The Mayor of the City and County of Limerick has marked the 15th anniversary of Limerick as a Fairtrade City. Mayor Michael Collins took part in an online meeting this afternoon with the Limerick Fairtrade Committee to celebrate their birthday and to acknowledge the tireless work that has been going on for 15 years.
A special birthday cake to mark the 15th birthday was baked by Helen O’Donnell of the Hunt Museum Café and a long-time supporter of the Fairtrade committee and its work in Limerick.
Mayor of the City and County of Limerick Cllr Michael Collins said: “I’m proud of Limerick’s status as a Fairtrade City. Choosing Fairtrade means that you care how the product was produced, who produced it and what benefit they get. I would like to thank the Limerick Fairtrade committee for their sterling work over the last 15 years as well as all the Limerick businesses and citizens alike for continuing to stock and purchase Fairtrade items, particularly Helen O Donnell from Limerick City Tidy Towns who baked a special birthday cake to mark the occasion.”
Dolores O’Meara, Chair of the Limerick City Fairtrade Committee said: “Unfortunately we have become familiar with the havoc brought about by climate change and Covid-19. Farmers in the developing world have to face these challenges also. They have to deal with flooding, landslides, drought and illness. Many of them loose the crops that they need to sell in order to survive.”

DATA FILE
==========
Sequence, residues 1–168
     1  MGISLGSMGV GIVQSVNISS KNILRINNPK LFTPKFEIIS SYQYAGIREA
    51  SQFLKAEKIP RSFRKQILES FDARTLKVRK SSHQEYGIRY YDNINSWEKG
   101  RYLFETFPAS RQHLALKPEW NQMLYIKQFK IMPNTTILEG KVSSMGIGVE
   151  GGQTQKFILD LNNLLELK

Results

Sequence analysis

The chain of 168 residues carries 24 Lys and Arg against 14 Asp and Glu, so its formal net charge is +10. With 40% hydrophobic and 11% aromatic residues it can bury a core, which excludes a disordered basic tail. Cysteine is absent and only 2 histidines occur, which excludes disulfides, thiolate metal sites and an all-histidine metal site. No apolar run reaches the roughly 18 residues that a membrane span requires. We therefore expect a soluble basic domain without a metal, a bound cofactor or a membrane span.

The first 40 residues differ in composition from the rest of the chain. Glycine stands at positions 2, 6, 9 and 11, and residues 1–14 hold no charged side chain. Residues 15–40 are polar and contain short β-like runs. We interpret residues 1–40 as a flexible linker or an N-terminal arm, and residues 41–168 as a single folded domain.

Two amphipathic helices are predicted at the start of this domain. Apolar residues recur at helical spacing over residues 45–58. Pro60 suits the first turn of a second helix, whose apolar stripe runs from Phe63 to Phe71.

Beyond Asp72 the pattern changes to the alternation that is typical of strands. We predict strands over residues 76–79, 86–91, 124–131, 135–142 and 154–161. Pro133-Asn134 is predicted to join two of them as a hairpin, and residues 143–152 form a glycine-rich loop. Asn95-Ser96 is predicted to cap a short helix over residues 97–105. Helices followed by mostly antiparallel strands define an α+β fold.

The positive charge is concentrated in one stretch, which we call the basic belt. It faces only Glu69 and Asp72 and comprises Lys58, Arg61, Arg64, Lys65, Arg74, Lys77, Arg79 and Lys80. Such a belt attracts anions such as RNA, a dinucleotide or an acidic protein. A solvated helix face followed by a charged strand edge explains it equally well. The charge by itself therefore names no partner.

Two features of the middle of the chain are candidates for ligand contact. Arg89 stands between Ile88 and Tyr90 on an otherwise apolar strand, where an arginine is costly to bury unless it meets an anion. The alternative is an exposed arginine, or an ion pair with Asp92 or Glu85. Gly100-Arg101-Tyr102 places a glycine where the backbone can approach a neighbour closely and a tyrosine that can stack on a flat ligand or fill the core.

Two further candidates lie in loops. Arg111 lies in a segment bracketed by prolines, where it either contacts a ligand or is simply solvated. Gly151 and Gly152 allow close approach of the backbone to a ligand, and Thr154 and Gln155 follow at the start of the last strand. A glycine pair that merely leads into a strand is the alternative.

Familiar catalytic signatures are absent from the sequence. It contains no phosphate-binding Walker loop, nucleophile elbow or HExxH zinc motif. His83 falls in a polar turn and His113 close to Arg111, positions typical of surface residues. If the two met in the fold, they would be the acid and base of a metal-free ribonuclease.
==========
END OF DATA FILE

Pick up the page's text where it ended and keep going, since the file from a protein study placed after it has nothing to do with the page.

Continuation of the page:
“Farmers working through the Fairtrade initiative have a better chance of coping with this - they get a better price, a fair price, for their produce and some of their money goes into educating and training them to cope with environmental and climatic change. We must continue to support them by looking for the bananas, tea, coffee, cocoa, chocolate with the Fairtrade logo and putting them in our shopping baskets.”
Traditionally the birthday celebrations coincide with the announcement of the winners of the annual Limerick Fairtrade Schools Christmas Card competition, where pupils in primary and secondary schools create cards based upon the Fairtrade theme.
However due to the pandemic, the competition has been postponed but will return in 2021.
Limerick City was awarded status as a Fairtrade City in 2005 thanks to the concerted efforts of local people to ensure that Fairtrade produce was made widely available. It showed and continues to show Limerick City’s commitment to supporting a fairer trading system with developing countries.
The Fairtrade programme ensures that producers in developing countries receive a fair price for their products. A minimum price for negotiations between producer and purchaser is set in order to ensure the producers are guaranteed a sustainable business. However, if the market price is higher than this minimum price set, then the purchaser must pay the market price.
Latest available figures show that sales of Fairtrade products in Ireland grew from €342 million in 2017 to €382 million in 2018, an increase of 11% with bananas and coffee being the two biggest products purchased.
Further information on how the Fairtrade programme operates is available at fairtrade.ie.